Sometimes when I look into a mirror, I see a vague vision of a woman standing behind me and when I turn my head she's gone: there is no one.

I don't think the word is haunted because I don't believe in ghosts. I am not superstitious. I'm a physic undergraduate, I work on string theory.

Then I remember it only occurs in lucid dreams. And I now have spectrophobia.

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    You are being schizophrenic. And it seems to be serious. Either that or some woman in your home is playing games with you.
    – Mohit
    Jan 30, 2013 at 10:21
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    And I don't think you can call it a phenomenon. It happens only in your head. It is an hallucination.
    – Mohit
    Jan 30, 2013 at 10:30
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    Can't think of a suitable SE site for this. Perhaps skepticsSE?
    – Kris
    Jan 30, 2013 at 11:14
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    @cartogram If you could detect the electromagnetic radiation reflected in a mirror, you would be able to detect it looking at the object itself. Sorry, but this is a hallucination.
    – Andrew Leach
    Jan 30, 2013 at 11:15
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    Working on a unified theory of physics of the universe and having weird misconceptions about fundamentals like wavelengths of light reflected from the mirror? tsk, tsk.
    – SF.
    Jan 30, 2013 at 11:37

3 Answers 3


Barring any explanation that depends upon a phenomenon outside of your own mind, the remaining explanation of the epiphenomenon is that it is a mild hallucination.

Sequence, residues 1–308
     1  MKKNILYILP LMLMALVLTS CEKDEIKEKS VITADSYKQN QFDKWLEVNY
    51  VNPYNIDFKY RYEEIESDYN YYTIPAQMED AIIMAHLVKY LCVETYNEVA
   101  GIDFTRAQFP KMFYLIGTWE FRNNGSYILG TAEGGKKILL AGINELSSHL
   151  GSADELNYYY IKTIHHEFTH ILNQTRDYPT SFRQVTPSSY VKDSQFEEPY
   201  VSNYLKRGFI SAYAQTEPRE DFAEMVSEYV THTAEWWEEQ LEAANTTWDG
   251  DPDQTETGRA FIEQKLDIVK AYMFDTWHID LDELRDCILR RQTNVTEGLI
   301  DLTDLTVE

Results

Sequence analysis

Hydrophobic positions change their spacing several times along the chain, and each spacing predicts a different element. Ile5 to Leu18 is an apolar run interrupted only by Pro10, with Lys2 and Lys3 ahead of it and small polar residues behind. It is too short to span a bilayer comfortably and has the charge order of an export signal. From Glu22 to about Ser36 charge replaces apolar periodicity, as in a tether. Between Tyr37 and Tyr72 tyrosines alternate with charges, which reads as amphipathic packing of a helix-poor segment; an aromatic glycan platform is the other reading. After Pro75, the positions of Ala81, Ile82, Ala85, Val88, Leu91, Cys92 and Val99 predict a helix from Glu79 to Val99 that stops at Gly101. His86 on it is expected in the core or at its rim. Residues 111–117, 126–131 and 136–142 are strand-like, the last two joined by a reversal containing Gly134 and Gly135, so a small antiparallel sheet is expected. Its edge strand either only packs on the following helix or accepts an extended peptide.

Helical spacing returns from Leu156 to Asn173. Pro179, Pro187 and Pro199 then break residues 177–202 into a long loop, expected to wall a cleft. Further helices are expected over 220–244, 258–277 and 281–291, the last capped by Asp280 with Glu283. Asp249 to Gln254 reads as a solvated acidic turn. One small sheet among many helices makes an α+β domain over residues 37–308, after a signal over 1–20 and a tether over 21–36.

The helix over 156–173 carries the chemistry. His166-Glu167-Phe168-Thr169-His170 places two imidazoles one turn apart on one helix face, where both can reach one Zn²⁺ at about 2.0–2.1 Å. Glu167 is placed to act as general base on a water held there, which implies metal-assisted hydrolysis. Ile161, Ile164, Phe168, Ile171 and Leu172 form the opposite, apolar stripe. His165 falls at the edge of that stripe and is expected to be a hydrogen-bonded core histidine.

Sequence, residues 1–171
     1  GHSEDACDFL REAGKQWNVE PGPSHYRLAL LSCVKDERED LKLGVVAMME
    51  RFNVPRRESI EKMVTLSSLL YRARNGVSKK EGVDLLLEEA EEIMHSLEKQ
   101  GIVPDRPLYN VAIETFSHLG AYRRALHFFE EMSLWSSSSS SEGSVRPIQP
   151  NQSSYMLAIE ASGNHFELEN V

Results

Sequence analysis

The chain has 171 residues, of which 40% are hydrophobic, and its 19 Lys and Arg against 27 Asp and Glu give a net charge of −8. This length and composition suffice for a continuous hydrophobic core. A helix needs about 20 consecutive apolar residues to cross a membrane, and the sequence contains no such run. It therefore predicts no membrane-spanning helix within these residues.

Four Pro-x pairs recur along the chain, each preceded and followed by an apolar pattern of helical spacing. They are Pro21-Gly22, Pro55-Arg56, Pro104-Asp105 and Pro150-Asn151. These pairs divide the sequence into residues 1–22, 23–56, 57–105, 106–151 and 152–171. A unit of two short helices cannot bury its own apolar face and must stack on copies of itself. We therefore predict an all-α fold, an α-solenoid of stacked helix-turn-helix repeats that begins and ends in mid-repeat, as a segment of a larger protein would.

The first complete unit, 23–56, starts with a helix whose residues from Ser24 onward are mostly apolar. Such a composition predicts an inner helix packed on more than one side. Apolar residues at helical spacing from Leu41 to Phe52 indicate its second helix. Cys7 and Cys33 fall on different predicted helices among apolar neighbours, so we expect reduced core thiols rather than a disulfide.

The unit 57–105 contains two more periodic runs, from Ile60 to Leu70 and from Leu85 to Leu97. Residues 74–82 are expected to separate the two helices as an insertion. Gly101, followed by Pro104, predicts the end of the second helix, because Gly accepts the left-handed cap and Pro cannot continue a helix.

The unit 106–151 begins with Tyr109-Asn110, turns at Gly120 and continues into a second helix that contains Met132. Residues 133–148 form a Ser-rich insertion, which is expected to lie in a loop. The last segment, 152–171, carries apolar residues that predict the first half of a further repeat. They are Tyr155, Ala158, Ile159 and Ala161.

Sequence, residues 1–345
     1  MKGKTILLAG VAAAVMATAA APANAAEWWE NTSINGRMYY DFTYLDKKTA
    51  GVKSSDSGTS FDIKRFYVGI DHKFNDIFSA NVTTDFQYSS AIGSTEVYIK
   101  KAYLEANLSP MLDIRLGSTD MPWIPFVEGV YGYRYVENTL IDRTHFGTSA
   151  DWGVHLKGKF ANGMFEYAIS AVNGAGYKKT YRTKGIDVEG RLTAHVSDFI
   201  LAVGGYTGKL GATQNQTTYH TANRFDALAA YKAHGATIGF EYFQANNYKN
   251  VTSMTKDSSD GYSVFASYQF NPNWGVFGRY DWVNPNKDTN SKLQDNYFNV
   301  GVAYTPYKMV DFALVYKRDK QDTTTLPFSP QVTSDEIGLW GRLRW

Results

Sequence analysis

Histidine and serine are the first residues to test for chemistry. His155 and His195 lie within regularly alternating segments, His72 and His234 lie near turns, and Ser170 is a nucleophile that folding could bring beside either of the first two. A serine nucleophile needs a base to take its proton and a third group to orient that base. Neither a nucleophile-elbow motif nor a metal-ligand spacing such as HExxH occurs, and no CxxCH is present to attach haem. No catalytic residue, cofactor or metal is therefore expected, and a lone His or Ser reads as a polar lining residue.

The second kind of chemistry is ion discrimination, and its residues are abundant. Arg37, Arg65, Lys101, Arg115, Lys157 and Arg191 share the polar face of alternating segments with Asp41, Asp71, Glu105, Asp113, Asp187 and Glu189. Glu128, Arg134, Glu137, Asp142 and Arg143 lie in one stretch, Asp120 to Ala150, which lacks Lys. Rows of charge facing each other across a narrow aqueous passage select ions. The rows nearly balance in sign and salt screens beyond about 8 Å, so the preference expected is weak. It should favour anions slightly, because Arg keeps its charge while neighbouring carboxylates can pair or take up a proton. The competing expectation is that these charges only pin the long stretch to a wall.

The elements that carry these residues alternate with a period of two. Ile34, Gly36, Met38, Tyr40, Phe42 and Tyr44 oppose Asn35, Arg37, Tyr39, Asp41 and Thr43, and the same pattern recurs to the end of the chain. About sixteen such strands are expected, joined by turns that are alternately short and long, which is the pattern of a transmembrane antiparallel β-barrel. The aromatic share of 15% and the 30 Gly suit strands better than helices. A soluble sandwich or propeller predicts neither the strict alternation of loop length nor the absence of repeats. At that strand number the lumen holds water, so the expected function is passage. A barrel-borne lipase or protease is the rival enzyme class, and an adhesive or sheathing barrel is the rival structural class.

(We might be tempted to call this a "mirror hallucination", however that term is already used to refer to a hallucination where we see ourselves somewhere other than in a mirror, so is probably best avoided).

Dr. Oliver Sacks argues in his recent book, Hallucinations, that hallucinations are more common than often supposed, because they are under-reported due to stigma or fear of being considered as having a serious mental condition. This under-reporting in turn adds to the misconception that hallucinations only happen with serious mental conditions (or heavy intoxication), and so on, in a cycle that maintains this under-reporting. According to Sacks, having mild hallucinations need not be particularly troublesome.

However, it remains that hallucinations can indeed be caused by psychological or neurological complaints, so if the experience has only begun recently, or if it increases, it could well be worth seeking medical advice.


If you believe it to be somewhat real, the word would be "apparition", if you think your mind is playing tricks on you, "hallucination" should do it.

Instead of asking for a label or a comfortable/convenient explanation, you should probably remove your assumptions and investigate:

Can you reproduce the phenomenon? Is there any pattern to it? Does it occur at a specific time of the day or at random? After eating a specific type of food? Does the woman always look the same? Is it always in the same mirror or does it happen with other mirrors? Do you have other, similar experiences? Have you had a recent head injury? Headaches? Does it happen only when you are tired? Are you sleeping enough? Are you taking any drugs (incl. prescription drugs)? ...

Pull the strings and get to the bottom of it. If you're lucky, it's just a dirty mirror and a case of not sleeping enough.


I would use the term Delusion maybe, because what you see is the "projection" of your mind (but only when you look in the mirror).

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